One of the best use of frequent flier miles is for last-minute flights. Whether it’s a family emergency or something exciting that pops up on short notice, expensive airline tickets can be a big barrier to achieving your goal.
Certain airlines are notorious for releasing saver inventory, the cheaper award seats, very close to departure. Lufthansa is an airline where I’ve found international First Class seats available within a week or two of departure. Finding those seats a few months out is much more challenging.
My personal experience with United Airlines is that I don’t generally find inventory changing in favor of the customer the closer you get to departure. However, I’ve had two situations within the last few weeks where that was not the case.
In both cases, I checked for the flight I need a few days prior to departure. In each case, the cheapest seats available were 25,000 miles one-way. That can still be a good deal if the price of a last-minute ticket is sky-high.
When I checked the day prior to departure, the picture had gotten much more rosy.
The Final Two Pennies
A 10,000 mile one-way award is rarely a bad deal. In both of the recent cases I note above, there didn’t appear to be a ton of seats left for sale on the flights. I couldn’t be 100% sure, but I’d guess each flight had more than 5 seats but less than 15. So, these weren’t wide open flights. And, they were to popular destinations. One was hub-to-hub (Dulles to O’Hare).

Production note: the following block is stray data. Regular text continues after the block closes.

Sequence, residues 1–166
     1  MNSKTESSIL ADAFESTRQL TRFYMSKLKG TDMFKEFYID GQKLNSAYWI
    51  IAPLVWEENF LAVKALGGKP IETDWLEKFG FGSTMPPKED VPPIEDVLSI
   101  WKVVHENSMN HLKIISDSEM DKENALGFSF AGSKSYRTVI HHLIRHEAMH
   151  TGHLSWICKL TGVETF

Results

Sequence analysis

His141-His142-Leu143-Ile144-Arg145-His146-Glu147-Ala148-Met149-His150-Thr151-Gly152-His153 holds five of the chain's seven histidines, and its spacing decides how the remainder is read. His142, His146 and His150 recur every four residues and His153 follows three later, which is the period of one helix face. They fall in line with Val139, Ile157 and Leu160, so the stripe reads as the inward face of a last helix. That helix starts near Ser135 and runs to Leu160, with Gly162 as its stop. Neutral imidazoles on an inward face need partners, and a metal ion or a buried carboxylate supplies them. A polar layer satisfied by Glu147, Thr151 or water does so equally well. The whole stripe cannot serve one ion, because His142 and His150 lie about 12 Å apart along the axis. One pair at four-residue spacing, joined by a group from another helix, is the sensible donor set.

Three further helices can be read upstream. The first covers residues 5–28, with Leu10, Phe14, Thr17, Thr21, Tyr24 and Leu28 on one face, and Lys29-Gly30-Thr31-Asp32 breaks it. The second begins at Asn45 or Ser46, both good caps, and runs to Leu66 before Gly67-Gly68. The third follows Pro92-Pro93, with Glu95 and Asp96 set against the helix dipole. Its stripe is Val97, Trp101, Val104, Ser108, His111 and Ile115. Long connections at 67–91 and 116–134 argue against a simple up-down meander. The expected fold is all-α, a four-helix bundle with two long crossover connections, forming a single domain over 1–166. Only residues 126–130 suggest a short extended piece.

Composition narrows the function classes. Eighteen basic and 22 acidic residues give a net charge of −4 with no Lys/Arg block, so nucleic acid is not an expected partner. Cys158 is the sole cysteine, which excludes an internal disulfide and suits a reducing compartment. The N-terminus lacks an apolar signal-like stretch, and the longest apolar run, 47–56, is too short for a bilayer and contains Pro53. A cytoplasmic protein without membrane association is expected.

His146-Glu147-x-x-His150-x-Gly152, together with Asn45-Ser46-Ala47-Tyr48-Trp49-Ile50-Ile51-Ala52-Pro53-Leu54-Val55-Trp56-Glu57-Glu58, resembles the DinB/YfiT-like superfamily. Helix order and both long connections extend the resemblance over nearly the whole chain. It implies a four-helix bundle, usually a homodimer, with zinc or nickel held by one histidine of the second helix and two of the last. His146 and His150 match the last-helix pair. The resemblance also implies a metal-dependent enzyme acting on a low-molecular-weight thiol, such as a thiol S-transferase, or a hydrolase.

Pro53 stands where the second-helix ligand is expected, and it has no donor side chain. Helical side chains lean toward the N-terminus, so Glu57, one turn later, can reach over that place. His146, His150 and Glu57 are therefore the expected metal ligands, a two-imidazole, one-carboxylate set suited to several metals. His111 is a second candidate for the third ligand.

I’m not sure if this is an intentional shift by United or just something I’ve never run into. I think it makes sense for United to actively look at yields and consider releasing saver inventory close to departure. The counter-argument is that you don’t want a customer who would have purchased a ticket (or redeemed 25,000 miles) to grab a saver award if you can help it. That’s the delicate dance of yield management.
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